Compulsory community treatment orders (CTOs) alone do not reduce admissions to psychiatric hospital, according to an important new study from Australia, published in the May issue of the British Journal of Psychiatry
Compulsory CTOs remove from psychiatric patients the right to choose whether or not to continue to receive their treatment once they are discharged from hospital. At the moment, mental health law in England and Wales is closest to that in Australia and New Zealand, where compulsory CTOs are in operation. The UK government is expected to include in its new Mental Health Bill the recommendation that similar orders are introduced in England and Wales.
There is, however, controversy about whether compulsory CTOs for psychiatric patients reduce hospital admission rates. This is the first study to evaluate them using an epidemiological sampling frame and survival analysis of three linked databases of health service use, involuntary treatment and forensic history.
It compared the readmission rate of patients receiving compulsory community treatment with that of two control groups: one matched on demographic characteristics, diagnosis, past psychiatric history and treatment setting; and the other consecutive controls matched on date of discharge from in-patient care.
265 compulsory CTO cases were matched with 265 controls and 224 consecutive controls. It was found that the compulsory CTO group had a significantly higher readmission rate: 72% v. 65% and 59% for the matched and consecutive controls.
CTO placement, aboriginal ethnicity, younger age, personality disorder and previous health service use were all associated with increased admission rates.
The authors of the study conclude that compulsory CTOs alone do not reduce admission rates. One interpretation of their findings is that increased surveillance of patients given CTOs ensured that they were admitted if they deteriorated, which might in the long run lead to shorter periods of admission. But previous research showed that having a CTO did not reduce the length of time spent in hospital over the next 12 months.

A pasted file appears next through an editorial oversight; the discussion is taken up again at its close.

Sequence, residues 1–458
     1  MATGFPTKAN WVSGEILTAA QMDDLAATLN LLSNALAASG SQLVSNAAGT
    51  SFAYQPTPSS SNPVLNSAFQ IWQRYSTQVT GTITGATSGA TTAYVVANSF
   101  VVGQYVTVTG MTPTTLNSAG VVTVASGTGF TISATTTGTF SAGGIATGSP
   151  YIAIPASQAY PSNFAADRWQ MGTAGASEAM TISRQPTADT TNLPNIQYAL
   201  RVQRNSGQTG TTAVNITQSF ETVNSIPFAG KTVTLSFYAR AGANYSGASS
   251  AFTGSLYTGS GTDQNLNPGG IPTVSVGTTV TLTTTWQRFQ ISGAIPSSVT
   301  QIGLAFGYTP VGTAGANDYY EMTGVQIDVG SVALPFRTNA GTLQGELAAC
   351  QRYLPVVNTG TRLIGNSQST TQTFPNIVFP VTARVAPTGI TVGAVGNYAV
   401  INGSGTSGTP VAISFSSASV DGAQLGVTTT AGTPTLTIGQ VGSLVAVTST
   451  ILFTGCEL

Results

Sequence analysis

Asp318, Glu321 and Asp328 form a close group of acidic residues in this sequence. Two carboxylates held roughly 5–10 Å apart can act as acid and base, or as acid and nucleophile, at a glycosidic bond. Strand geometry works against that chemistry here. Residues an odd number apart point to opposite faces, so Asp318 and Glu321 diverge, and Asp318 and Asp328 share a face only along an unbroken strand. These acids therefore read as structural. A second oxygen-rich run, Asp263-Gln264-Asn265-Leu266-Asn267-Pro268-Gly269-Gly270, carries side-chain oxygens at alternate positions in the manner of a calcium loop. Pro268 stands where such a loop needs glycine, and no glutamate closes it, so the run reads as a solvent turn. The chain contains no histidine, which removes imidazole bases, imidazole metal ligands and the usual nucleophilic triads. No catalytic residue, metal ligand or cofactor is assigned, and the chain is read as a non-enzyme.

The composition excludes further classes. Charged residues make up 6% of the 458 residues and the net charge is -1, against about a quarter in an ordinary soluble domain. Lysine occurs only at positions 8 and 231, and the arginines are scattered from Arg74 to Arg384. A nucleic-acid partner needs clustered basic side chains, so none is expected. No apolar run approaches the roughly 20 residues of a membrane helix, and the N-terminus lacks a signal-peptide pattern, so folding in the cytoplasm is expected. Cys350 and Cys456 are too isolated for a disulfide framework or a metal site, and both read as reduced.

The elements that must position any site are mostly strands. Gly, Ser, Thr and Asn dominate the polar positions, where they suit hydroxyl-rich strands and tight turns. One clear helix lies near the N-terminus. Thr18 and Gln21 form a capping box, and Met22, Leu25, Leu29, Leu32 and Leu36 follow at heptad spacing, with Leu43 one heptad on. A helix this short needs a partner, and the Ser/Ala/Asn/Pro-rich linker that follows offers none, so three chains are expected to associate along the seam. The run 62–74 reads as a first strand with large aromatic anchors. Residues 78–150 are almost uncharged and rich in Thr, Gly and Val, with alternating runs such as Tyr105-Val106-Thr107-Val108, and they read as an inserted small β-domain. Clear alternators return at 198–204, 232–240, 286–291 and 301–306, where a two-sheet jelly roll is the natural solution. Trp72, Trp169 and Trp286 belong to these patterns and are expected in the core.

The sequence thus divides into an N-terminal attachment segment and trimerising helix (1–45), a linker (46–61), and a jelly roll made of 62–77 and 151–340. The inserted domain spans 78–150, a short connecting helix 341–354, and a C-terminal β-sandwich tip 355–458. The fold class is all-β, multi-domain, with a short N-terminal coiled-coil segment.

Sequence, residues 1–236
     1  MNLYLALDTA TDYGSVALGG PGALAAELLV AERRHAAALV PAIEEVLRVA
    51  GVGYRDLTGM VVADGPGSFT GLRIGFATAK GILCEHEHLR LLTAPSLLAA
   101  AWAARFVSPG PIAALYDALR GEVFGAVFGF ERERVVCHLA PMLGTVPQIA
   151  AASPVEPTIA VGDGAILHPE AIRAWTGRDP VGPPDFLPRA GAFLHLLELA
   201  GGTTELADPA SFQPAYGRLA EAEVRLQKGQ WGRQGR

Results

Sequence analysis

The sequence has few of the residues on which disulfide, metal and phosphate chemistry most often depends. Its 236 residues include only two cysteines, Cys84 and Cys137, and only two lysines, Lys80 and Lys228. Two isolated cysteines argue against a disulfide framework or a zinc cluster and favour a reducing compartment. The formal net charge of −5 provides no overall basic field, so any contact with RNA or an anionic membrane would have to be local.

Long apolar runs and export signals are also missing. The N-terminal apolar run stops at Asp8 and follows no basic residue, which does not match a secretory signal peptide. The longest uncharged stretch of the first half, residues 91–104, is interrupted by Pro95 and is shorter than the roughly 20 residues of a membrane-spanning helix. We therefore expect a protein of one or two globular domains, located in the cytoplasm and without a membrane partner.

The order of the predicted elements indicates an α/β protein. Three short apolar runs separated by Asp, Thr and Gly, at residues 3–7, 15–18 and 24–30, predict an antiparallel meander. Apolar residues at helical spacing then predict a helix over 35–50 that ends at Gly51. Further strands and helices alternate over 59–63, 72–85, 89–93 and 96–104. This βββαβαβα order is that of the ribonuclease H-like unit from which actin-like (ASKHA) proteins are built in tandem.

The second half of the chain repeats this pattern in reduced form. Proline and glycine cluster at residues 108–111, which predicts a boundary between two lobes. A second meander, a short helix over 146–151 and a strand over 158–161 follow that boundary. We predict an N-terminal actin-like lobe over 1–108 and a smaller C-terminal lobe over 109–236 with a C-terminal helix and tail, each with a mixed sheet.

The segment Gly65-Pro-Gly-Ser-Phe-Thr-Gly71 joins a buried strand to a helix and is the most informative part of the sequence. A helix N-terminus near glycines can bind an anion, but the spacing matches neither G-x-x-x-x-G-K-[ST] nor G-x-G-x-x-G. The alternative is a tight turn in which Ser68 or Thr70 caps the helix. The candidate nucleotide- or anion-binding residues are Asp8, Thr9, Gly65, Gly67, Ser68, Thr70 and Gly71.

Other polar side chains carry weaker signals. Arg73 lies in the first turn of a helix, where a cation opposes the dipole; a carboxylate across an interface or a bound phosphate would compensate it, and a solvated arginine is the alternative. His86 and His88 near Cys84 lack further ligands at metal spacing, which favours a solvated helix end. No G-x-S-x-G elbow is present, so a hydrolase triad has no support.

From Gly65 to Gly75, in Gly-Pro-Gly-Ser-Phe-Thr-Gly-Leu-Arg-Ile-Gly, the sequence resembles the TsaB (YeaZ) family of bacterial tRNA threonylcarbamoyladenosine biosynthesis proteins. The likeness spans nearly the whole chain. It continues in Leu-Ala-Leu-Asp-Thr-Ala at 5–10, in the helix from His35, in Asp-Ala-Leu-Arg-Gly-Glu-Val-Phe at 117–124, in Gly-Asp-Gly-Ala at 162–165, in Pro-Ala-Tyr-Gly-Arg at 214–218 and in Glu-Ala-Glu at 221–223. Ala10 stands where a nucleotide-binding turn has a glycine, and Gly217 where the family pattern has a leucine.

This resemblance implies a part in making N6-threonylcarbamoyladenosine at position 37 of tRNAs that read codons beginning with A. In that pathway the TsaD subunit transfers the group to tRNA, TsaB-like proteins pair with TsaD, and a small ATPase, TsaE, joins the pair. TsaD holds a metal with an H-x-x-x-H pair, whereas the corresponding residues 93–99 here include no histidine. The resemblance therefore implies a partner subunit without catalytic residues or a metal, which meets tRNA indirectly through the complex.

Some research suggests that compulsory community treatment has to be maintained for at least 180 days, and combined with at least seven out-patient contacts a month, to reduce admission rates. Further studies are needed to establish whether it is intensity of treatment or its compulsory nature that may affect outcome. Further research may also determine whether there are particular types of patient, or legislative frameworks, that give the best outcomes.
The authors conclude that health service planners, clinicians, patients and carers should question the rationale for CTOs and advocate more effective treatments.
Dr. Tony Zigmond, vice-president of the RCPsych and a consultant psychiatrist in Leeds, commented, "This research from Australia, along with other studies, looks at whether compulsory CTOs achieve certain objectives. The evidence from this paper, in line with previous research, is that CTOs are ineffective in reducing admissions to hospital."
"Furthermore, there is the ethical issue of whether CTOs are fair. Should any person who is capable of making a decision about their treatment be forced to accept medical treatment they don't want solely to benefit their health? We don't force patients with heart disease, for instance, to take medication and change their lifestyle (although this would reduce their need for medical services), so why should be force those with depression to do so?"
"Psychiatric patients who present clear serious risks to others (as do patients with open tuberculosis who refuse treatment or those with untreated epilepsy who insist on driving) require other provision to protect the public."
"The UK government is still proposing such legislation in the draft Mental Health Bill. The Royal College of Psychiatrists believes that patients in the community should only be given without their consent if they lack the capacity to make a decision for themselves."
For further information on the paper, Impact of compulsory community treatment on admission rates, contact Prof. Stephen Kisely. Tel: +1 902 473 7356. E-mail: [email protected]
Dr. Tony Zigmond. Tel: 0113 305 6428. E-mail: [email protected].